• Time Dilation Model (relativity) – The applet demonstrates that the clock in the spaceship goes more slowly than the two clocks of the system in which Earth and Pluto are motionless.
  • Timeticker – The exact time on the world. See times by city or time zone. A really neat multimedia site created with Flash by Martin Zwernemann. You need Shockwave to see this.
  • Time Zones of the World – a printable map in color
  • Timer – an on-line countdown (or up) timer
  • U S Naval Observatory Time Service Department – The Official Source of Time for the Department of Defense and the Standard of Time for the United States
  • A Walk Through Time – The Evolution of Time Measurement through the Ages (A NIST Physics Laboratory Presentation)
  • What Time is it Around the World? – (interactive time zone map) click on cities for time or highlight an entire time zone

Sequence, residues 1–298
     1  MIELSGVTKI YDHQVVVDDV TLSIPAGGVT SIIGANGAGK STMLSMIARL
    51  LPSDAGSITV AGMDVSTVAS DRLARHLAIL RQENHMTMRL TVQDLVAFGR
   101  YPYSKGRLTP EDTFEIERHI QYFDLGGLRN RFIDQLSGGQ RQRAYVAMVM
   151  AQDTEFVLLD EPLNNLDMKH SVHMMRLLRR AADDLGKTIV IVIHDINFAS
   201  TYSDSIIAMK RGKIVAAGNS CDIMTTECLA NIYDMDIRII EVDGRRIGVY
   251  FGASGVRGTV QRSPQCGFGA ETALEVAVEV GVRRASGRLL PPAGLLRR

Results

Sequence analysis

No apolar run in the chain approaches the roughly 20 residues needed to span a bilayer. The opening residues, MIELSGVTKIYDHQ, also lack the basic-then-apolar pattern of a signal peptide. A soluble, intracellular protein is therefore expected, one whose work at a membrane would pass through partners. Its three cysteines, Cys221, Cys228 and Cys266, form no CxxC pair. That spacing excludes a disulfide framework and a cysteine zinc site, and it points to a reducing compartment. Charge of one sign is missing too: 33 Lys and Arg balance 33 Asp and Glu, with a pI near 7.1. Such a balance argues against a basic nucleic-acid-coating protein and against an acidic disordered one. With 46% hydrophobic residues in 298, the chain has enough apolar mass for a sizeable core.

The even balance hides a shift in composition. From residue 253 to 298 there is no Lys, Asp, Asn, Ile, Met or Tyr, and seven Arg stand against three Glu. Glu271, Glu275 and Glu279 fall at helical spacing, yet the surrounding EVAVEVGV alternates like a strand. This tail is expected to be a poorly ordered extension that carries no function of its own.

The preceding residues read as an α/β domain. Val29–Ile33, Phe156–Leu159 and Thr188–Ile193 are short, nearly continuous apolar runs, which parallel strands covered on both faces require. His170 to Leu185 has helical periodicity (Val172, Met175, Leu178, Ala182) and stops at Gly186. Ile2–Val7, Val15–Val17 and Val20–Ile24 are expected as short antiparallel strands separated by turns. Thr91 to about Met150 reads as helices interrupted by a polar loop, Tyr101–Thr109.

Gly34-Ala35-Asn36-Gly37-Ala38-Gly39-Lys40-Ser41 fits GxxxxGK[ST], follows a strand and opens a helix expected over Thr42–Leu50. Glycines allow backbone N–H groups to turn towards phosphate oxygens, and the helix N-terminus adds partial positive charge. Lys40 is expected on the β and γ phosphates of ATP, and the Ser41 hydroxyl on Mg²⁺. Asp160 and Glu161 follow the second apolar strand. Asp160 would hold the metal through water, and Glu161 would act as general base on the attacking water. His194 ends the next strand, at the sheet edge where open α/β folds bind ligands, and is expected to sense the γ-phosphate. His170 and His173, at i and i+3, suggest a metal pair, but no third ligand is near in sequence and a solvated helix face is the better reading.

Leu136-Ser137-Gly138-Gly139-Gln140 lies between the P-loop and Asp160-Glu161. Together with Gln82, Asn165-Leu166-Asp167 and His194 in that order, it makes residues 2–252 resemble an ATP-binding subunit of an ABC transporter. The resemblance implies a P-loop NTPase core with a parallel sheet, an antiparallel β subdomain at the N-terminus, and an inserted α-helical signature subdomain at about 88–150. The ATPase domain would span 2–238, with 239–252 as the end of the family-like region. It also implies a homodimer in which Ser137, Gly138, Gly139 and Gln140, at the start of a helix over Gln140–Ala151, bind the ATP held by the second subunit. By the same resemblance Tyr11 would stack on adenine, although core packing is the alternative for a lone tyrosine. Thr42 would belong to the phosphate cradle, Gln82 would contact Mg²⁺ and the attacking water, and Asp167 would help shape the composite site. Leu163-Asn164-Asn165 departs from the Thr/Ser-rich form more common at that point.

• What Time is it Now? – current time, weather, and a map of your location, plus links to other cities and countries as well as a database of information about countries
  • World Clock – Current time is not all that you can keep up with at this site. Watch changes in the world population, temperature of the earth, barrels of oil pumped and much, much more.
  • World Clocks – Time Check Page (30 clocks from around the world)
  • WorldTime is a service featuring an interactive world atlas, information on local time as well as sunrise and sunset times in several hundred cities, and a database of public holidays worldwide. This site provides an interactive globe which shows current day and night on the Earth.
  • World Time Server provides the most accurate current local times of any world clock on the Internet. The server makes real time adjustments for Daylight Saving Time. No matter what time zone a country or city is located in, this site is an excellent resource for determining any time, anywhere.
  • World Time Zone map with current times – an interactive site
  • World Time Zone Maps from Koala.net
  • Click here for Customizable Online Timer Page This is a cool little tool. If you don’t like the name “Timer”, click on the word “Timer” and rename it.
  • Official U. S. Time – Select a time zone to see the correct time